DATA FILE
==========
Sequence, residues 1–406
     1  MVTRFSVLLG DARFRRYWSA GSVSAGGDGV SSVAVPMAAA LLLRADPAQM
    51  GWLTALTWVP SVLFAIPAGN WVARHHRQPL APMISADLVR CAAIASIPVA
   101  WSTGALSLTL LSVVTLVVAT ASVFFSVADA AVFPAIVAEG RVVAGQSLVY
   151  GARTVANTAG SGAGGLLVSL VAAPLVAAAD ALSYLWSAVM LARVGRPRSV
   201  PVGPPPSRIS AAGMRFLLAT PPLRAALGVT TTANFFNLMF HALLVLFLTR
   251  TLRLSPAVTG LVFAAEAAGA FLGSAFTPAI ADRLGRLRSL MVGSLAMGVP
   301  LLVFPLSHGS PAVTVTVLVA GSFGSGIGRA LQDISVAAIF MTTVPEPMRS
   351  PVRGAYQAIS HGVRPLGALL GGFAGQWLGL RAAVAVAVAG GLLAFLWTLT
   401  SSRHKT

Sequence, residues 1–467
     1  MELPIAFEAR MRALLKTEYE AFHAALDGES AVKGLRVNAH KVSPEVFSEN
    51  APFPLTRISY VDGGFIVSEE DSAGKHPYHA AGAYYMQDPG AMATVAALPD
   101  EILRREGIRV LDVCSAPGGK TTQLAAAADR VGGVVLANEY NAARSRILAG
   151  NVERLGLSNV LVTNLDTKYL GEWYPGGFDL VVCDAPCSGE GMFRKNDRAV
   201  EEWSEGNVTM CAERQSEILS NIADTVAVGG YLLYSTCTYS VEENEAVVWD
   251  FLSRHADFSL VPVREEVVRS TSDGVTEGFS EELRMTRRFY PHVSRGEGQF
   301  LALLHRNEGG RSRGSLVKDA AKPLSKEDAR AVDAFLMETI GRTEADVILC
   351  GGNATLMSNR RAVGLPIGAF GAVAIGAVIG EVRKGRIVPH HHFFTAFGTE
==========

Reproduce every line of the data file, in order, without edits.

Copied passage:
Sequence, residues 1–406
     1  MVTRFSVLLG DARFRRYWSA GSVSAGGDGV SSVAVPMAAA LLLRADPAQM
    51  GWLTALTWVP SVLFAIPAGN WVARHHRQPL APMISADLVR CAAIASIPVA
   101  WSTGALSLTL LSVVTLVVAT ASVFFSVADA AVFPAIVAEG RVVAGQSLVY
   151  GARTVANTAG SGAGGLLVSL VAAPLVAAAD ALSYLWSAVM LARVGRPRSV
   201  PVGPPPSRIS AAGMRFLLAT PPLRAALGVT TTANFFNLMF HALLVLFLTR
   251  TLRLSPAVTG LVFAAEAAGA FLGSAFTPAI ADRLGRLRSL MVGSLAMGVP
   301  LLVFPLSHGS PAVTVTVLVA GSFGSGIGRA LQDISVAAIF MTTVPEPMRS
   351  PVRGAYQAIS HGVRPLGALL GGFAGQWLGL RAAVAVAVAG GLLAFLWTLT
   401  SSRHKT

Sequence, residues 1–467
     1  MELPIAFEAR MRALLKTEYE AFHAALDGES AVKGLRVNAH KVSPEVFSEN
    51  APFPLTRISY VDGGFIVSEE DSAGKHPYHA AGAYYMQDPG AMATVAALPD
   101  EILRREGIRV LDVCSAPGGK TTQLAAAADR VGGVVLANEY NAARSRILAG
   151  NVERLGLSNV LVTNLDTKYL GEWYPGGFDL VVCDAPCSGE GMFRKNDRAV
   201  EEWSEGNVTM CAERQSEILS NIADTVAVGG YLLYSTCTYS VEENEAVVWD
   251  FLSRHADFSL VPVREEVVRS TSDGVTEGFS EELRMTRRFY PHVSRGEGQF
   301  LALLHRNEGG RSRGSLVKDA AKPLSKEDAR AVDAFLMETI GRTEADVILC
   351  GGNATLMSNR RAVGLPIGAF GAVAIGAVIG EVRKGRIVPH HHFFTAFGTE